One of the larger players in 3D printing is Ricoh, and I’m wondering what their strategy may be going forward.
The Japanese company is well-known for their photocopiers and is an enormous operation: they currently have around 100,000 employees, and an annual revenue close to US$20B. So yes, they are one of the larger players in 3D printing, although much of their operations are NOT yet in 3D printing itself.
Ricoh 3D Printing History
The company developed an SLS-style industrial 3D printer and marketed it for several years. We first saw the AM 5500SP 3D printer in 2016, and it produced high quality output, typically in nylon materials.
A subsequent meeting indicated they were in the midst of developing new machines to address the metal and ceramic markets. We even saw print samples from these efforts. However, no such machine emerged from the company.
Then in 2018 in an interview on ZDNET, the CEO of Ricoh suggested they were quite interested in the additive manufacturing market, even saying they had arranged for a large fund (US$1.8B) for “mergers and acquisitions”. However, Ricoh Americas’ then-CEO, Joji Tokunaga said:
“We have allocated $1.8 billon for M&A and it’s not specific to additive. We are also looking more broadly than additive.”
Ricoh Additive Strategy
All of this sounds quite ambitious, but then during a recent discussion with their representatives, I learned that they have not been selling the SLS machine since April of 2019. They have been supporting existing users of the device, but no new sales are being made.
There was no mention of new machines, but the company appears to be developing new materials for use in 3D printers.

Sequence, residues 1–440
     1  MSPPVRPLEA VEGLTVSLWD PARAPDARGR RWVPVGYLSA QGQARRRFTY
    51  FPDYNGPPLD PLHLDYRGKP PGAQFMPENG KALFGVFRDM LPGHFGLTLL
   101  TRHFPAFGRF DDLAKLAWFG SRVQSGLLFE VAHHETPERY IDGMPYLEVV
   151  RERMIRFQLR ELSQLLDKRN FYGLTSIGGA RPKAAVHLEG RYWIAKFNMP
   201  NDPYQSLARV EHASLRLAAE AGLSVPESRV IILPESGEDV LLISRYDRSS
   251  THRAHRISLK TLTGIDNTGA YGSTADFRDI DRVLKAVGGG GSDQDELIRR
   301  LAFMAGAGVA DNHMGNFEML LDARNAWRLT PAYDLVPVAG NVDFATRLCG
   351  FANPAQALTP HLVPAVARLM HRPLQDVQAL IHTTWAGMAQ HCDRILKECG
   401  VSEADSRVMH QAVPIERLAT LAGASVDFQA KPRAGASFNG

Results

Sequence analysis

Instead, the company seems to be shifting to a service model, where requests for part production can receive “instant pricing”. They have been performing this type of service internally for on-demand spare parts, and intend on doing this for other companies as a service.
That’s definitely a valid additive manufacturing business model, but quite a change from their previous strategy. They seem to have not only dropped the sales of the SLS machine, but also dropped development of the metal and ceramic devices as well. Even stranger is that they have not (yet) used their fund to acquire any other parties in the space.
I’m wondering why this decision was made, as there are multiple other similar parties aggressively pursuing the industrial additive manufacturing market, most notably including HP, Sindoh and Xerox.
Paper Giants Move To 3D Printing?
Those two companies perhaps see in the very long term their paper-based operations may shrink and wish to grow an alternative business in manufacturing over the course of many years to replace them. I would imagine similar thoughts might be taking place at other paper-based corporations, such as Kyocera, Konica Minolta, Canon and others.
What will they be doing now that Ricoh seems to have toned down their 3D printing strategy?